Early start today to the Blue Nile Falls. When we drove through town and out the other end, we noticed a gloomy looking area, smoke rising up with birds flying above. We stopped, climbed up a bank and saw what must have been the backdrop for Armageddon in front of us.
Mounds and mounds of trash with thousands of birds hovering on it or circling above. A Hitchcockesk doomsday end of world scenery… Most birds were Marabou storks or vultures. It was eerie looking. It was the city’s dumpster and the European mind can only shake its head…
On we went to the Blue Nile Falls. While it’s only 40 kilometers from Bahir Dar, 35 of those are on dirt road. Our diver “slalomed“ his way between mini busses, heavily loaded donkeys, mule drawn carts with sugar cane piled high or simply pedestrians walking to the market, carrying with them the goods to be sold.
No white folk anywhere to be seen. Kids running in school uniforms to their school buildings, farmers working on their fields the traditional way, ploughing with ox drawn ploughs and women cooking and sowing on the side of the road. Most houses were simple wood pole constructions with sheet metal doors and windows. Not all had electricity connected to their homes. We saw no begging going on and no one seemed to go hungry, with all the crops that are growing here. Onions, potatoes, sugar cane, khat, coffee and cotton. Ethiopia is a very fertile land around Lake Tana and the Blue Nile.
Leaving our car behind, we walked on a small foot path for about 30 minutes against an ongoing traffic of donkeys, peasants, goats and cattle, all going into the opposite direction to market. Some come from as far as two hours away. Sometimes narrow bridges force us to pass slowly. The oldest stone bridge dates back to the 16th century built by Europeans and is still very much in use today.
Climbing up again and circling another bend the view was great. The Blue Nile Falls span across from us along a length of several hundred meters. Unfortunately, only during the rainy season is the complete fall full with water. Now in the dry season, only two spouts of water are really visible. In addition several years ago a hydroelectric plant was built and that deviates most of the water away from the falls. Nevertheless, refreshed by the waters spray we hiked on to our waiting boat to take us across the river again and back to our car.
It was nearly lunch time and we ate at a wonderful restaurant overlooking Lake Tana, Ethiopia`s largest lake. Ordering from the menu is rather tricky here as the English translations (if there are any) are very far fetched and what you think you ordered and what you get are often two different things. Same here. Ordering an egg salad sandwich does not get you hard boiled eggs with mayonnaise on a thin toast. It gets you a thin, plain omlette on a large bun. You will also find Pizza and Spaghetti on many menus. We thought first it’s food for tourists who don’t dare to eat the local Injera, but it seems it’s due to the Italians who occupied the country for some years. We’ll have a food blog entry coming …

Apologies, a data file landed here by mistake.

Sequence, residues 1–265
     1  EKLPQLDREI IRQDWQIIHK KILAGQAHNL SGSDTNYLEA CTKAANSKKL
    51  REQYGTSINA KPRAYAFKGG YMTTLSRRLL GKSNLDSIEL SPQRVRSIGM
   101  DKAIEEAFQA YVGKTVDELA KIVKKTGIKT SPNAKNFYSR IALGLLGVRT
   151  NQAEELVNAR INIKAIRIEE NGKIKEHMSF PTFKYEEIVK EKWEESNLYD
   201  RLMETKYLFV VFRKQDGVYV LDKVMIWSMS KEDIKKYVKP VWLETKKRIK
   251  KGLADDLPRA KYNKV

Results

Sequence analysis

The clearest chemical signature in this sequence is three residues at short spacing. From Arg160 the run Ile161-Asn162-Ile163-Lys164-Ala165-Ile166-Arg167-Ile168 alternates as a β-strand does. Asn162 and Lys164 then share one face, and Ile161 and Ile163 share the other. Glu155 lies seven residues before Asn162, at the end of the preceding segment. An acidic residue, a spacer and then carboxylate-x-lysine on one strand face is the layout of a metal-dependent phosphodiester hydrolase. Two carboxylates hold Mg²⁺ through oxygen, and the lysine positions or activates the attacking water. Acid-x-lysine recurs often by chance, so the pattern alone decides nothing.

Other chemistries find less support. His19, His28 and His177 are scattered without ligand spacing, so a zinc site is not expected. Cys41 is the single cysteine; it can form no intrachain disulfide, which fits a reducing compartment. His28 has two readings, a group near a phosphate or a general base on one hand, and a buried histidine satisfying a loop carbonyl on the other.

In the afternoon we took a small boat to one of the peninsulas with one of the oldest monasteries. Ura Kidhane Mihret, built in the 16th century. It`s a big wooden structure, round on the outside but square on the inside. Many of the paintings were `refreshed` in the 18th century so they all looked quite new and shiny. Our local guide (you have to pay a local guide in order to support the local community) had his own interpretation of Christian history – which was fine with us as our knowledge of the various biblical episodes was not too profound to start with.
Interestingly when you compare our travel book, our guide and the internet, one will never find exact matches. So one of the hanging stones that emit a hollow sound when you tap it with another stone was declared a signal to prayer in one source, a signal to dinner in another and an alarm in a third…. Pick which one you like best …
On our way down we had another coffee ceremony and it was really hard to escape the many little stalls that sold religious tourist artifacts. There were just no tourists to distract their attention away from us. So we learned our second word after ‘Thank You’: ‘Al Faligem’ which means ‘I don’t need’. Back we went by boat. After crossing path with some Hippopotamuses on our way back we decided to make it a lazy evening, dining in our lodge again.
#Day2 #Ethiopia #Bahir Dar #Blue Nile Falls #Ura Kidhane Mihret